Addis Ababa Court of Appeal, 31 July 2006, File No. 48008
Constitution of the Federal Democratic Republic of Ethiopia
Article 9, paragraph 4
All international agreements ratified by Ethiopia are an integral part of the law of the land.
Article 13: Scope of application and interpretation
All Federal and State legislative, executive and judicial organs at all levels shall have the responsibility and duty to respect and enforce the provisions of this Chapter. The fundamental rights and freedoms specified in this Chapter shall be interpreted in a manner conforming to the principles of the Universal Declaration of Human Rights, International Covenants on Human Rights and other international instruments adopted by Ethiopia.
Direct resolution of a dispute on the basis of international law
Termination of an employment contract for refusal to carry out certain duties and abandonment of work/ Allegations contested by the employee/ Difficulty of proof/ Application of ILO Convention No. 158 leading to assignment of the burden of proof to the employer/ Direct resolution of a dispute on the basis of international law
A person employed as a care provider questioned the termination of her contract of employment in the courts. According to the employer, the contract had been terminated by the fact that the claimant abandoned her position after refusing to carry out cleaning duties. The worker stated that she had been dismissed verbally after having indicated to her employer that cleaning was not one of the duties stipulated in her employment contract. In the first instance, the witness accounts produced by both the claimant and the defendant were considered by the Court to be insufficient elements of proof to resolve the conflict. Despite that affirmation, the Court considered that termination of the employment contract was due to the refusal of the employee to perform duties stipulated in her contract.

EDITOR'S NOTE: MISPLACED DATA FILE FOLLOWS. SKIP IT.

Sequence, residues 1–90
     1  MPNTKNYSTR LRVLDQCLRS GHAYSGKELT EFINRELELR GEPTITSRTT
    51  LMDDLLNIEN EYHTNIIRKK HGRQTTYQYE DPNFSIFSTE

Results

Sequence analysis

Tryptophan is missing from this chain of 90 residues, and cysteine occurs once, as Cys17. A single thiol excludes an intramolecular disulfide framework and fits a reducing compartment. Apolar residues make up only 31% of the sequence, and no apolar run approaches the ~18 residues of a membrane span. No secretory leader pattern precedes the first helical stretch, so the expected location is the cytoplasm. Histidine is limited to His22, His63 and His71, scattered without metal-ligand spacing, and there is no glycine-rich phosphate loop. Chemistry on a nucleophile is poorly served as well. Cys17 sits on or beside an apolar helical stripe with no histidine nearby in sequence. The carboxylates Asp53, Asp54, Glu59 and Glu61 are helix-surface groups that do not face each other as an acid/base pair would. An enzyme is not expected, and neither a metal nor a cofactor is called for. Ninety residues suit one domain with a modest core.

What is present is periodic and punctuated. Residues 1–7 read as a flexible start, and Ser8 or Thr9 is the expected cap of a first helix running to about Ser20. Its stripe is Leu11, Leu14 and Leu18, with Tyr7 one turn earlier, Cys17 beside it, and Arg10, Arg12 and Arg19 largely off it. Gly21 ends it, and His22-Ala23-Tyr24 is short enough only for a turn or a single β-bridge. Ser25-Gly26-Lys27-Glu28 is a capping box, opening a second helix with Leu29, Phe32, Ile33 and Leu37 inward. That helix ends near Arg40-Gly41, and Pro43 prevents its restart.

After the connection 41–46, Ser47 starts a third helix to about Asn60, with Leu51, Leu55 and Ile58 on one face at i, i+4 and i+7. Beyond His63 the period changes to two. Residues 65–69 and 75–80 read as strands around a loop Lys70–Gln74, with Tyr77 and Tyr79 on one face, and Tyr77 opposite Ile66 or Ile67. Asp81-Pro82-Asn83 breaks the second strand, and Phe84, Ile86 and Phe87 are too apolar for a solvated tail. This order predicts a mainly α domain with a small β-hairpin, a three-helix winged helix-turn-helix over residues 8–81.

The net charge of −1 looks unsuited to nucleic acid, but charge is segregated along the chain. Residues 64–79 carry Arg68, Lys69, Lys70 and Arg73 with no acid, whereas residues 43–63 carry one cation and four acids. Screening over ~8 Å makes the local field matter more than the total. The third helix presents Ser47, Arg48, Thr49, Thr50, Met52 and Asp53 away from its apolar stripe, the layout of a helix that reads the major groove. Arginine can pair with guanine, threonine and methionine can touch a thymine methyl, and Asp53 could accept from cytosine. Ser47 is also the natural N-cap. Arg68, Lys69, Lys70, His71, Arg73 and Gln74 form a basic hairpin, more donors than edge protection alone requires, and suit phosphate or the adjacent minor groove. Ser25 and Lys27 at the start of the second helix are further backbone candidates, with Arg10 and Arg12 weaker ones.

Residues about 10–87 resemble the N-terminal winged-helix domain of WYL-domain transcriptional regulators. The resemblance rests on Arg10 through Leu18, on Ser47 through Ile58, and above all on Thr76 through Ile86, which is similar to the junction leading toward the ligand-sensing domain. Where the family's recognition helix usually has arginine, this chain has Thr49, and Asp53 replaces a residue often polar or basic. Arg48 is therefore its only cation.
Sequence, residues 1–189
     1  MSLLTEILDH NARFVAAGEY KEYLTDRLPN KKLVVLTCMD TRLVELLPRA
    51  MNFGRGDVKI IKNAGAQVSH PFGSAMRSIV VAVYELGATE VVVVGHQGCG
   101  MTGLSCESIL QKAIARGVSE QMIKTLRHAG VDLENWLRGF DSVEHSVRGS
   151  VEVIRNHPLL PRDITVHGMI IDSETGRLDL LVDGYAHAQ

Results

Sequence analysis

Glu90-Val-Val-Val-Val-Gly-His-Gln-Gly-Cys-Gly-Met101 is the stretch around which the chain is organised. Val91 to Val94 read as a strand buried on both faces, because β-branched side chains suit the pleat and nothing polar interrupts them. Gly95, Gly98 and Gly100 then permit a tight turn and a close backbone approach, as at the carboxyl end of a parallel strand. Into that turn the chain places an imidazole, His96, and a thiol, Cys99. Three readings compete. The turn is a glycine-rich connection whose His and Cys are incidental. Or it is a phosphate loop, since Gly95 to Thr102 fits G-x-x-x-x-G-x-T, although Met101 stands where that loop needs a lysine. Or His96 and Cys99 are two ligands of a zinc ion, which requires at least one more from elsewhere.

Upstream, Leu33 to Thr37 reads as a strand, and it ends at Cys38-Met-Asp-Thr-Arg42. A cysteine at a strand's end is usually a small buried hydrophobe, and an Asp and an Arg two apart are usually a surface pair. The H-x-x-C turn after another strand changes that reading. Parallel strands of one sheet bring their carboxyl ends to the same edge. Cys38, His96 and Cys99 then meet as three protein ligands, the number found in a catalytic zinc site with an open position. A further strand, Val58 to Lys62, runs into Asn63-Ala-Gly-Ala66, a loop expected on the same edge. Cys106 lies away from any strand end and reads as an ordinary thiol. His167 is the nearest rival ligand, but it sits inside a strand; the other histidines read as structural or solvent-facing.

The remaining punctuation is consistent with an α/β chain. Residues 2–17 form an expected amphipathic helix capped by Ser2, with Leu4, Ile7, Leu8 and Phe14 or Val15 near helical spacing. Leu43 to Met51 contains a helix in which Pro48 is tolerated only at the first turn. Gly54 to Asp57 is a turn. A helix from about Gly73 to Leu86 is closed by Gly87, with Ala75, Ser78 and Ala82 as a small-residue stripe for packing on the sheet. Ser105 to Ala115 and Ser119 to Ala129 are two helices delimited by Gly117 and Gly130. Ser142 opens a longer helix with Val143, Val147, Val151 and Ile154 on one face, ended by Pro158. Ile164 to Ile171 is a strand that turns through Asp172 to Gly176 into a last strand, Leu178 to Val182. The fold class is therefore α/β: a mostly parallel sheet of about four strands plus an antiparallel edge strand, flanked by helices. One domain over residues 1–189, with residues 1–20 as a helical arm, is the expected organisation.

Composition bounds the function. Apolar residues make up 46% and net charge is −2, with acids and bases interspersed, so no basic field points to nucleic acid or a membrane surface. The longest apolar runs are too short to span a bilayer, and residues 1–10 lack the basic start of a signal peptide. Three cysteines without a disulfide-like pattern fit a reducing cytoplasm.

After the worker challenged that decision, the Court of Appeal pointed out that the court of first instance had decided the dispute in spite of having pointed out the absence of proof concerning both the contents of the employment contract and the abandonment of her job.
The Court of Appeal recalled that both domestic legislation and Article 4 of ILO Convention No. 158 ratified by Ethiopia considered inadequate execution of duties by an employee as a valid reason for dismissal.
The Court of Appeal then took up the question of assigning the burden of proof in cases concerning a dismissal. Because Ethiopian labour legislation was silent on this issue, the Court referred to ILO Convention No. 158 and declared:
“… the employer shall produce sufficient evidence to prove the two facts. The stand that the burden of proof falls on the employer is in line with the stipulation of article 9/2//a/ of the above mentioned Convention, which Ethiopia has ratified. Therefore, as the file shows that the respondent (the employer) has not produced evidence to show valid reasons for the termination of the contract of employment, the appellant must not be required to produce any evidence in support of her allegations.”
After having referred to ILO Convention No. 158 in order to assign the burden of proof of the merits of the dismissal to the employer and after having noted the absence of proof produced by the latter, the Court of Appeal of Addis Ababa declared the dismissal illegal.